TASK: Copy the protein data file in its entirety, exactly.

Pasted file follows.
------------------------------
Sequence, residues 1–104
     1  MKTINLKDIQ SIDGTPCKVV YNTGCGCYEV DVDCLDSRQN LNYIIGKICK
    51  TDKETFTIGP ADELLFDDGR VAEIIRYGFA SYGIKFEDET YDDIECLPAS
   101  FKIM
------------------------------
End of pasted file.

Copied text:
Sequence, residues 1–104
     1  MKTINLKDIQ SIDGTPCKVV YNTGCGCYEV DVDCLDSRQN LNYIIGKICK
    51  TDKETFTIGP ADELLFDDGR VAEIIRYGFA SYGIKFEDET YDDIECLPAS
   101  FKIM